Nolte's extensive research included a phone call to his Minnesota mentor.

"I'll tell you, Nick Nolte has been given a lot of bad publicity, but he was marvelous in our company," Stolz told the website Broadway to Vegas in 2005. "He loved to rehearse and a lot of actors don't, but he did. He came prepared. He was never late. He was never intoxicated. He was a perfect performer. He worked so diligently on the script. I picked up his script from time to time and he had everything out to the side — note after note after note to himself."

"Graves" is not one of fall's most high-profile projects, largely because it airs on Epix, a premium channel that is still striving to educate viewers on how to find it. To help draw attention to its first original sitcom, the seven-year-old operation is streaming the first two episodes for free at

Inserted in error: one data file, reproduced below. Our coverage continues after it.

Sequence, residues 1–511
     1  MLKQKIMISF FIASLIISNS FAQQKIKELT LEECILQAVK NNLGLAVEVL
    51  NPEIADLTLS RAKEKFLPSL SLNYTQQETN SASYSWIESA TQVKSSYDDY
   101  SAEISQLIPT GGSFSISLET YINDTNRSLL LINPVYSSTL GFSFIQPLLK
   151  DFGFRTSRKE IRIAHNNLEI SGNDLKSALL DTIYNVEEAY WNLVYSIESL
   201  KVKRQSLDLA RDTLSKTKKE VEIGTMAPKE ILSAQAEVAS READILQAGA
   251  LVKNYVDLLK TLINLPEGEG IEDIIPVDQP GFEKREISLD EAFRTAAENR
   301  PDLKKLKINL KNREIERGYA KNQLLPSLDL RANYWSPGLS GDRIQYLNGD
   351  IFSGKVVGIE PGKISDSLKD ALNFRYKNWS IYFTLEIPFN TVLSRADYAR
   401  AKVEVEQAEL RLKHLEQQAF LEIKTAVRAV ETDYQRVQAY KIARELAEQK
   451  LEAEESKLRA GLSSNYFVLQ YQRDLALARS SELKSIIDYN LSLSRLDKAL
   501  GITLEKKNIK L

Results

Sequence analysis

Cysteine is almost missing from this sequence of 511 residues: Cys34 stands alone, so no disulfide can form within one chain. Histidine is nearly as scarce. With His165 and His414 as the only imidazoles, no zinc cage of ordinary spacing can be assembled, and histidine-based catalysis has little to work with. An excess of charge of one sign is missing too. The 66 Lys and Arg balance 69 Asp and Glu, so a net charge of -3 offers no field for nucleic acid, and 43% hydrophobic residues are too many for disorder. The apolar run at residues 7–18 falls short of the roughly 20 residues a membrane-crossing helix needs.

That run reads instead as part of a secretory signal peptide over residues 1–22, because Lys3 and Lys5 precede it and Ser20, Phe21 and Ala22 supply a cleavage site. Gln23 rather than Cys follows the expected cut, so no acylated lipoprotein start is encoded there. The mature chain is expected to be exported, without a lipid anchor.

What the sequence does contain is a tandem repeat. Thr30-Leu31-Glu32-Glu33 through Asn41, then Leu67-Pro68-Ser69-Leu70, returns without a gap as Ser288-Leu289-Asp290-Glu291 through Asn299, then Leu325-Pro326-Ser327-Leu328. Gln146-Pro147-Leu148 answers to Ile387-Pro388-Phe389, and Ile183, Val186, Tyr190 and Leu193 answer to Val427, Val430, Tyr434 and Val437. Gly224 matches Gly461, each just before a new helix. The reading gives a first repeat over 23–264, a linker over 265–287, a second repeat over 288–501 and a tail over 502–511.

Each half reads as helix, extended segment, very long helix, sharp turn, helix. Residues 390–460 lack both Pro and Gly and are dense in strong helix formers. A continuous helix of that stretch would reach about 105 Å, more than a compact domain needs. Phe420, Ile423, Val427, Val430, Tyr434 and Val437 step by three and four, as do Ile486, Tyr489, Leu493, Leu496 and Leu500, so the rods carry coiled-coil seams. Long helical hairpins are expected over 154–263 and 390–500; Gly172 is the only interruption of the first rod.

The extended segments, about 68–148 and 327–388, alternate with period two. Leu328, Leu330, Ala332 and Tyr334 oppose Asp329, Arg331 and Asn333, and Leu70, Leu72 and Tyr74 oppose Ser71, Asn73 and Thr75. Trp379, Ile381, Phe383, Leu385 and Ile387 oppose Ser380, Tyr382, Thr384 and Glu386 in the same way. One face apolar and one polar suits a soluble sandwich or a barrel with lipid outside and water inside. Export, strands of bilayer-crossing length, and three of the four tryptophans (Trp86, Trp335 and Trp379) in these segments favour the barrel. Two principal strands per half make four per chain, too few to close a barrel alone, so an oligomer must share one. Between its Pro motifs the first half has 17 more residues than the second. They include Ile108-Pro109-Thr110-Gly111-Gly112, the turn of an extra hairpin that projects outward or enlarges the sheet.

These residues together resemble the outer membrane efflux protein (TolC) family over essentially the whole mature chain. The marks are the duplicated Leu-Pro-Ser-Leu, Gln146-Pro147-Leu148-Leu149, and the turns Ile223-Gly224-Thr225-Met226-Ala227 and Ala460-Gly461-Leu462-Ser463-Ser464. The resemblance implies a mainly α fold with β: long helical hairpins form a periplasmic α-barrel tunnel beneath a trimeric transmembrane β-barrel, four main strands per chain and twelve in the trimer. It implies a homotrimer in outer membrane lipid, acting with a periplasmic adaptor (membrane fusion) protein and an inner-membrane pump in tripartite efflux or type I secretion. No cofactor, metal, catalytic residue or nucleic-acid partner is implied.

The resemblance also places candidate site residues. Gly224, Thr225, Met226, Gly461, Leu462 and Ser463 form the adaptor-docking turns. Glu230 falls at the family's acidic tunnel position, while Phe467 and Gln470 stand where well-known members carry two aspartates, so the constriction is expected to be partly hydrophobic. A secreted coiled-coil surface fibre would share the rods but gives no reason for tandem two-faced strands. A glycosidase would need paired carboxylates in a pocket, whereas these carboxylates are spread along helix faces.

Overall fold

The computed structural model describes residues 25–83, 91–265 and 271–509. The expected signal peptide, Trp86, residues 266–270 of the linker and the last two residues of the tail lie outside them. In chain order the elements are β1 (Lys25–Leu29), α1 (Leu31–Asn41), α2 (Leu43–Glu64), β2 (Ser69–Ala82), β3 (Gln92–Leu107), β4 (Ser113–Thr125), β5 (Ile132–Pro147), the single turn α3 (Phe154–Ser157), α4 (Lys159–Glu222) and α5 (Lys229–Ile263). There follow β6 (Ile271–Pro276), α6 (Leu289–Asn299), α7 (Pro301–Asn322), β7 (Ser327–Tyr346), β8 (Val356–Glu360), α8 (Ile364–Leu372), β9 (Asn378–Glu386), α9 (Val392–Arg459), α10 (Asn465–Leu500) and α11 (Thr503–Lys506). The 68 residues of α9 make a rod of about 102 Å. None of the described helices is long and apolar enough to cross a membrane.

Nolte said the script took four or five years to come together. The fact that its premiere lands in the middle of one of the wildest presidential races in history is pure coincidence.

"I think Graves would be just as appalled as most of us are by the shape of this election," Nolte said. "I've never seen anything like it in my life, and I go back to Roosevelt. This is strange politics."

Despite all the wear and tear Nolte has inflicted on himself personally and professionally, he continues to push himself.

"I don't have to, but the problem is I do have to," he said. "I'm an actor and if the material is good, you have to do it. I'm trying to go with what's interesting right now and that is: How do you die gracefully?"

In the past, Nolte has dismissed suggestions that his long goodbye would include a live performance, something he hasn't done since a 2000 San Francisco staging of Sam Shepard's "The Late Henry Moss" alongside Sean Penn and Woody Harrelson.

But all the talk of his Old Log days seemed to put Nolte in a different mind-set.

"It's a possibility. I'm not ruling it out. I'm really not," he said. "I started in theater and it would be great to have that immediate payoff again at the end of the evening. But it would have to be a limited run."